Sorry if I've got your idea wrong - it wasn't completely clear to me from your post.

  4. #4
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    I keep reading where some companies use 100' of tubing per ton all the way up to 600' per ton. There doesn't seem to be a set amount written any where. I'm figuring that I would use a 3 or 4 ton system for my house.

    I would be using the tubing above the insulation. With the heat off downstairs the temperature never dropped below 50 degrees beneath the insulation. Wouldn't using the "recycled" or "run off" of heat from that one loop help improve the heat within the slab?

    We are at 73,000 Btu/hr now and that number should decrease with the improved sealing of fixtures and windows and the extra added insulation in the attic. If 73,000 is the number I need to heat, then wouldn't a heat pump be some where between 50-80% of that figure?

  5. #5
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    Nov 2007
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    Rules of thumb can be very dangerous especially for Geo systems - loop lengths vary hugely with load, climate, soil, type of system, etc. etc. A loop field should really be designed by a pro for the specific application. That said... In Mass with a horizontal closed loop the rule of thumb would be 600' per ton at the low end, possibly a lot longer depending on the factors above.

    However, that's not really the issue here. If you are proposing to use the insulated slab as a heat source, it just won't work, especially with insulation underneath. Your house loses a certain amount of heat depending on the inside temperature, outside temperature, and insulation/infiltration. To maintain temperature in the house, an equal amount of heat must enter - currently that comes form burning oil and a small amount from solar gain, people, etc. In a geo system, about 1/3-1/4 of the heat comes form the electricity running the compressor and the rest from the loop field OUTSIDE the house. Since your slab is insulated underneath, it is essentially part of the house - what you are proposing would be similar to placing an air-air heat pump condender in your basement or trying to cool a room by putting a window air conditioner in the middle of it.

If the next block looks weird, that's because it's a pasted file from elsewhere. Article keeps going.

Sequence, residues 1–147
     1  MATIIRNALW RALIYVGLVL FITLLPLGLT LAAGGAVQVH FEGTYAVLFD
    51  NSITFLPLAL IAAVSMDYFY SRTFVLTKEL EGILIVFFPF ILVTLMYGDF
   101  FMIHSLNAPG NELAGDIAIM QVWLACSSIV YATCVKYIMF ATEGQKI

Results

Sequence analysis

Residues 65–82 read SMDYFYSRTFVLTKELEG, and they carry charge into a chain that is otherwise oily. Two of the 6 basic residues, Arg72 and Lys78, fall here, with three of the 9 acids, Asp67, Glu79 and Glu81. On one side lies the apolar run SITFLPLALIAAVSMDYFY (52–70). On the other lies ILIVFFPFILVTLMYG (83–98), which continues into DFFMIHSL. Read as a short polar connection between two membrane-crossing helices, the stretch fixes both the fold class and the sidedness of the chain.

You could move some heat from the basement to the rest of your house, but the basement would rapidly cool down and then there would be no more heat available to move. It stays warm now without heat, but as soon as you start pulling heat from it it will cool down very quickly.

    Let's say your slab is 900sqft. by 3" thick. That is about 225 cubic feet of concrete or about 32,000lb. It will store about 6400btu per degree of temperature - therefore if the slab starts at 70F it will take only 3.5 hours to drop it down to 30F at your design load!

  6. #6
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    Thanks for your input bc, I greatly appreciate it. Now I'm going to have to look at plan B.

  7. #7
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    Quote Originally Posted by bc3141 View Post
    Rules of thumb can be very dangerous especially for Geo systems - loop lengths vary hugely with load, climate, soil, type of system, etc. etc. A loop field should really be designed by a pro for the specific application. That said... In Mass with a horizontal closed loop the rule of thumb would be 600' per ton at the low end, possibly a lot longer depending on the factors above.
    Question; what size tubing would be used in a closed loop here in New England, I've read them being anywhere from 3/4 of an inch to 2 inches. Using your 600' per ton as an example would it be more feasible to go with a 1000' run per ton instead? Would you be able to gain more heat from it or would it just be wasting to much more electricity do to the larger size pump needed to handle the additional flow?

  8. #8
    Join Date
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    NE PA
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    I have installed a couple of geo based radiant systems. The downside is that the water will only get to 120-125 deg, so the radiant system must be designed for that temp.